Review: The Hate U Give by Angie Thomas

The Hate U Give

This post has 744 words.
This post will take about 3 minute(s) to read.

The Hate U Give (2017) by Angie Thomas

The word “Thug” had its origin in the central regions of India, and by early nineteenth century, it had become notorious. The person who suppressed the Thugs in mid nineteenth century, Col. William Sleeman, had his headquarters in my city. His office, and the rehabilitation centres are still in use, by the government / army. Its interesting to note, how the word has exported itself to USA, like the spiritual gurus from India, and transformed itself in the context of subculture of the underprivileged Afro-American society. As it’s said, churning, brings out both poison and nectar. One of the positive and wonderful outcome of the churning is this book – The Hate U Give, an expanded form from the acronym THUG-LIFE, the word made popular by Rap artist 2Pac (Tupac Amaru Shakur).

Its a story of a teen Black girl, Starr, who has witnessed death by shooting, not once, but twice. Its the second that creates an upheaval in her life. There are interplay of various influences – the incident, the family background, the neighbourhood, the drug gangs operating in the neighborhood, the kind of school she goes to, the police, the labeling that is still faced by the Black community.

Apart from the story, what I loved about the book was the consistent pace, and the way the author has managed multiple characters in every scene. Hardly are there pages where there is only one or two characters. In some pages, where I wondered, where the story was heading, suddenly there were twists. It has been written as a first person account, so its the main character’s POV, but its not the only POV. The views of others like Maverick, who is Starr’s father are expressed through dialogues. I could well imagine a Denzel Washington speaking on the screen. The story is not just about a single protagonist, but also about family and community. Without the support of family and community, the protagonist would most likely get ignored due to the official propaganda. It shows great bonding between the protagonist and her parents, and also among people who have taken in kids when their parents had to go for incarceration or when they are in trouble. Not that all bonding is perfect, but it exists despite the minor fissures, and the bonding has been very well presented.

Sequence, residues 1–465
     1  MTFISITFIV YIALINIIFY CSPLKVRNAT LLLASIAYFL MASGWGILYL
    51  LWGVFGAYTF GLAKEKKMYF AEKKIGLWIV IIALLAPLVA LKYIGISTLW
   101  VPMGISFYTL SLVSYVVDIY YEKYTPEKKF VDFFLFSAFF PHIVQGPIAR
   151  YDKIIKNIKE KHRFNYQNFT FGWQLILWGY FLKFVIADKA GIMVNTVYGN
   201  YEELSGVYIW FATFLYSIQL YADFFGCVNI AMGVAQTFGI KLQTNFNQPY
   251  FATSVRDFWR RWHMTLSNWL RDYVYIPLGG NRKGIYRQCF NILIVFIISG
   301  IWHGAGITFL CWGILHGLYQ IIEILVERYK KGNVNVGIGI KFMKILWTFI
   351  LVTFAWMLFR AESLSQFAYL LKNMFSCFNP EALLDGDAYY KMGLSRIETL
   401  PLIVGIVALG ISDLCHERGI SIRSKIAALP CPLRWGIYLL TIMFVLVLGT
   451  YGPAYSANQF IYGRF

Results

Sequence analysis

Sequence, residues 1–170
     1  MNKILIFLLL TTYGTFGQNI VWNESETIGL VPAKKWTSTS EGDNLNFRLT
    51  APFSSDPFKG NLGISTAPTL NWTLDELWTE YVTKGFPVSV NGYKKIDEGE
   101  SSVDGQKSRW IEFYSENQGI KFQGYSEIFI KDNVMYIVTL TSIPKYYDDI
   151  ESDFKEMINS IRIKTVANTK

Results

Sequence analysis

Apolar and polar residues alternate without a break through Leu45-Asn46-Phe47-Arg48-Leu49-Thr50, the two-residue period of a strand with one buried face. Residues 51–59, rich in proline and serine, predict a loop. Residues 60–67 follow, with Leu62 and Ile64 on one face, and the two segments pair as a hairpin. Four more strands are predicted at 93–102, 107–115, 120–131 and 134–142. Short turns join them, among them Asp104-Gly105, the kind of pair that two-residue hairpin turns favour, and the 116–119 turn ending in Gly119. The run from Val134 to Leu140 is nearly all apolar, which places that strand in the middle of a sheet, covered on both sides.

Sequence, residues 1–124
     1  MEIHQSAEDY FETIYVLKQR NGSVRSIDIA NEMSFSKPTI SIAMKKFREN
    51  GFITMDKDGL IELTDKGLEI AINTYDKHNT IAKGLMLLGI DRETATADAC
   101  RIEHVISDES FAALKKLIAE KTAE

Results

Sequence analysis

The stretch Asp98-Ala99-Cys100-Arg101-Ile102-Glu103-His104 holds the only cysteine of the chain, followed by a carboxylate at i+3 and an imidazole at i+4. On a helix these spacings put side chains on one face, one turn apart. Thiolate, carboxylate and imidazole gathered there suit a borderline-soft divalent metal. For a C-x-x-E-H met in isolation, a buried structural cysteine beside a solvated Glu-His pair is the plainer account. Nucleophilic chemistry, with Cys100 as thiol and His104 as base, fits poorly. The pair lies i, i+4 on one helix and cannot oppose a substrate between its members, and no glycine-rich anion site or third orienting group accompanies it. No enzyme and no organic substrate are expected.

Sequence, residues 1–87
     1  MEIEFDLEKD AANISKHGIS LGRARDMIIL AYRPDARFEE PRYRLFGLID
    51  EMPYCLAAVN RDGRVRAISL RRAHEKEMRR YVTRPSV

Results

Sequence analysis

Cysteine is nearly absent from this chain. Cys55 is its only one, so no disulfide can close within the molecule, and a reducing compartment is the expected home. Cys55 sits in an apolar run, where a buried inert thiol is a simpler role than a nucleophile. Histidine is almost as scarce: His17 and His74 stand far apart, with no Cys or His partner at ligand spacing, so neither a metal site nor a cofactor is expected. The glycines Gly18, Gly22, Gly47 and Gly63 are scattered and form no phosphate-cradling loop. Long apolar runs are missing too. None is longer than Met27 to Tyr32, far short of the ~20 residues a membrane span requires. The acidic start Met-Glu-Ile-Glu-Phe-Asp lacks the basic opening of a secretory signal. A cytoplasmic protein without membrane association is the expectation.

The story is not just about a certain perspective, its about searching and asserting one’s identity. This is gradually navigated through the triggering event. The highest point of self assertion, sort of coming of age, I think, is the television sequence. The author has adroitly worked the main character through the perspective of Black Lives Matter theme. This is despite that Starr studies in a high end school, where her friends are White. If that was not enough, even her boyfriend is White!

In the latter part, the story reads like a thriller. In this part, its not just about Black vs White, but also Black vs Black. The fight against the gangster chiefs peddling drug and violence is equally important as the fight against the prejudiced police.

There are some funny moments also, like, “Disney took all our parents’ money”, or those about social media Facebook and Tumblr. It shows how much today’s young generation get affected by “Like”, “Follow” or “Unfollow”, and the various motives that gets associated to a simple click.

I bought this book on Kindle, as this book runs into 445 pages in print, which makes it a bulky book for me to hold for long duration reading. The first chapter may be a bit difficult read for those who are not familiar with the slang used in the Afro-American context. But after that, the slang is used sporadically, so it becomes an easy read. However, I kept the urban dictionary handy for reference. From part two onward, the book is standard English.

Its ironical, that even in our times, when in theory we have gone past the post-modern world, people and institutions continue to have prejudices based on color. Why can’t the world be, as described in the song by Michael Jackson, “It don’t matter if you’re black or white…”. Overall an excellent book, revelational, contemporary, brutal, and entertaining. This was a debut one. Hope to see great books from Angie Thomas in future.

Copyright © Anup Mukherjee
The downloaded content is only for personal use and not for redistribution.

Leave a Reply

Your email address will not be published. Required fields are marked *